The recent pandemic has affected the education system across the world including medical education. The actual impact is quite unclear—medical schools and faculties are still grappling with the changes. As medical schools had to shut down or be converted into make-shift COVID hospitals, medical students were left bewildered about their future.
However, one significant change is apparent across medical universities in the USA and Canada—the interruption in clinical rotation postings and residencies. Owing to the risk of exposure to the virus, many medical universities have canceled clinical rotations and residency programs for medical students.
Replacing in-person lectures with online classes or recorded videos can cause little to no impact on the study schedules of medical students. However, canceling clinical rotations can make it difficult to replace the much-needed practical experience gained from those postings.
How has the pandemic impacted medical students in general?
Here are a few changes in the medical education system in the post-COVID world.
- Basic Sciences curriculum classes: This part of a medical degree has been the least affected by present circumstances. In most cases, the basic sciences subjects are covered through conventional classroom teaching and online videos and lectures. While the online resources have stayed the same, most medical schools have replaced classroom lectures with live online teaching or recorded lectures.
- USMLE Step 1 exams: Early in 2020, the USMLE Step 1 exam destinations were shut down and the exams were postponed indefinitely. This impacted thousands of students who painstakingly prepared for the exams. The situation is however much better at present with the exams being scheduled in the near future again.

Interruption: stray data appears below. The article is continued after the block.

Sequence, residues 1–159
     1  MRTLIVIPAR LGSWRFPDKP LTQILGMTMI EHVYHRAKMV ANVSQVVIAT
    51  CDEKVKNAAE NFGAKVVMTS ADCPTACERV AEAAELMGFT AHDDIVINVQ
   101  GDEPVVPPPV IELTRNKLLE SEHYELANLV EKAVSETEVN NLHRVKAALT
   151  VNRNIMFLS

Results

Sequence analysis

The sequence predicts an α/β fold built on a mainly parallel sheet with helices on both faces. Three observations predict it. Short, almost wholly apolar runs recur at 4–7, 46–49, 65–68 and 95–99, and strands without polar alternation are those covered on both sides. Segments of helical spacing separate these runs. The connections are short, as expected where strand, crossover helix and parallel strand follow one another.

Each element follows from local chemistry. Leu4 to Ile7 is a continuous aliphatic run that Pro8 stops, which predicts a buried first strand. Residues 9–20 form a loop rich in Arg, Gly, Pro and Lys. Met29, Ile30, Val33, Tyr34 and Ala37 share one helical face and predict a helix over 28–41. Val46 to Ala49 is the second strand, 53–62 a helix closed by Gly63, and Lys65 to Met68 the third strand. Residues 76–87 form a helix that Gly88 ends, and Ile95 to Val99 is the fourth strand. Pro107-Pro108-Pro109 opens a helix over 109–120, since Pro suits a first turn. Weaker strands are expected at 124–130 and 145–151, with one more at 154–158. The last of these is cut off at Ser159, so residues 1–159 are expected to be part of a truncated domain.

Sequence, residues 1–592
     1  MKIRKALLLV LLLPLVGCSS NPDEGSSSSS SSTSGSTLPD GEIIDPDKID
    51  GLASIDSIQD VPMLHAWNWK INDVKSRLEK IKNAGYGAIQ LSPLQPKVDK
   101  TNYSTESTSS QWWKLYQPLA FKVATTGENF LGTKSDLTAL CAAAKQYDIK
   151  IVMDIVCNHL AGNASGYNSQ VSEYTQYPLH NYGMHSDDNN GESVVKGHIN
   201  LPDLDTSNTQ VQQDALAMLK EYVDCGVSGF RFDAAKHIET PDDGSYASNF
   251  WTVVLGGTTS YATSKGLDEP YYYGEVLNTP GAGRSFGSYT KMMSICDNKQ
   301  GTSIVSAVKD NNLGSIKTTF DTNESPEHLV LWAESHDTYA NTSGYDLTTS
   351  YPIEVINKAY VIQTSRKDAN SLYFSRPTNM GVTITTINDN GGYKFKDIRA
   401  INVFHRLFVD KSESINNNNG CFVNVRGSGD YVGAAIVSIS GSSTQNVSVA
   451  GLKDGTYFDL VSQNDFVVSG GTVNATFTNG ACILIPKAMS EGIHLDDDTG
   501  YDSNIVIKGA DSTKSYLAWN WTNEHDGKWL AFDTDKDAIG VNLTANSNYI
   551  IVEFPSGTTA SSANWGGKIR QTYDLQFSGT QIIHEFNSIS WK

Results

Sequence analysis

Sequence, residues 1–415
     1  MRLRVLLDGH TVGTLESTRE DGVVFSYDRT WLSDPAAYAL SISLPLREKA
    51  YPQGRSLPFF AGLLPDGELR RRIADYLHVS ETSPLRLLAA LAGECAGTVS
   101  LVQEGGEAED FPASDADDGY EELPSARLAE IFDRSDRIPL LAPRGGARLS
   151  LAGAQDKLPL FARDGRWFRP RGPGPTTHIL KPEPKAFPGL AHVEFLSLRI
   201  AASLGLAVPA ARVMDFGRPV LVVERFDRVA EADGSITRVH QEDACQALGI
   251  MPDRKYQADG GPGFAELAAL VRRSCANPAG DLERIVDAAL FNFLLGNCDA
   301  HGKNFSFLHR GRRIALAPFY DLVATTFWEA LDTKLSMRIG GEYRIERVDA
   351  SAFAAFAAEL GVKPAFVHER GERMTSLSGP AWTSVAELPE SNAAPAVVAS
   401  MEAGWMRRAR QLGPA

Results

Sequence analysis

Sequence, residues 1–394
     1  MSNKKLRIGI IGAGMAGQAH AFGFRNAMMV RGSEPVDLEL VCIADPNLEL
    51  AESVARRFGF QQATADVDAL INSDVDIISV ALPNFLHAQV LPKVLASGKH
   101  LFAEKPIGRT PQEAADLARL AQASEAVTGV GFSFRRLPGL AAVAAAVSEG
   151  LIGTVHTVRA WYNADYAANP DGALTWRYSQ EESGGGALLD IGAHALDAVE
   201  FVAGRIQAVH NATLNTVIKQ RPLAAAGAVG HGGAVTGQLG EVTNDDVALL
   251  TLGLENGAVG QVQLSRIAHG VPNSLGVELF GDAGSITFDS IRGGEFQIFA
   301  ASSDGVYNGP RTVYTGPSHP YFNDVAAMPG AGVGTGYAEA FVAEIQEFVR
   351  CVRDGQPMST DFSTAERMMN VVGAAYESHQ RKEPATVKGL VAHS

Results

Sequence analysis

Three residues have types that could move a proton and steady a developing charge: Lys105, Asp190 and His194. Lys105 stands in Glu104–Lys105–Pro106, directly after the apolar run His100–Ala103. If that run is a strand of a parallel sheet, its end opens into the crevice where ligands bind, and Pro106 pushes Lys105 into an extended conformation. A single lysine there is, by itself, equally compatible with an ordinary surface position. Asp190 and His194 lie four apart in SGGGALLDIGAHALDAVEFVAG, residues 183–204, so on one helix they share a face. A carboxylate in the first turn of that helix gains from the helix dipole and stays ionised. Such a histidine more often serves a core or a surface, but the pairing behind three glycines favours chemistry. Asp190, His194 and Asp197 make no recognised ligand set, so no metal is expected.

- Clinical rotations: Although clinical rotations have restarted in some medical centers and colleges, they have extremely truncated schedules. Students are able to observe only those patients who have tested negative for COVID-19. This has proved detrimental for students interested in subjects like Emergency Medicine or Cardiology.
- Residencies: The number of residency positions across the US has gone down which has increased the competition for those seats. Hence, it has become much more difficult to secure a residency in a reputed hospital in the post-COVID world.
What is the solution?
With the pandemic receding from tropical regions like the Caribbean, it can be assumed that Caribbean medical schools would reopen their campuses soon. A medical degree from a reputed Caribbean medical school will let you continue your medical studies even during the pandemic.
The most reputed Caribbean medical schools have small class sizes that can reduce the risk of transmission of COVID-19 as well as increase the interaction time with the faculty. These schools also have rigorous curriculums that are often accredited by international health organizations and regulatory bodies.
Most Caribbean medical programs are also much affordable as opposed to MD programs in the US or Canada. This can allow students from weaker economic backgrounds to fulfill their dreams of becoming a doctor.
Invest in a suitable medical program from a reputed Caribbean medical school today to establish a successful medical career in the post-COVID world.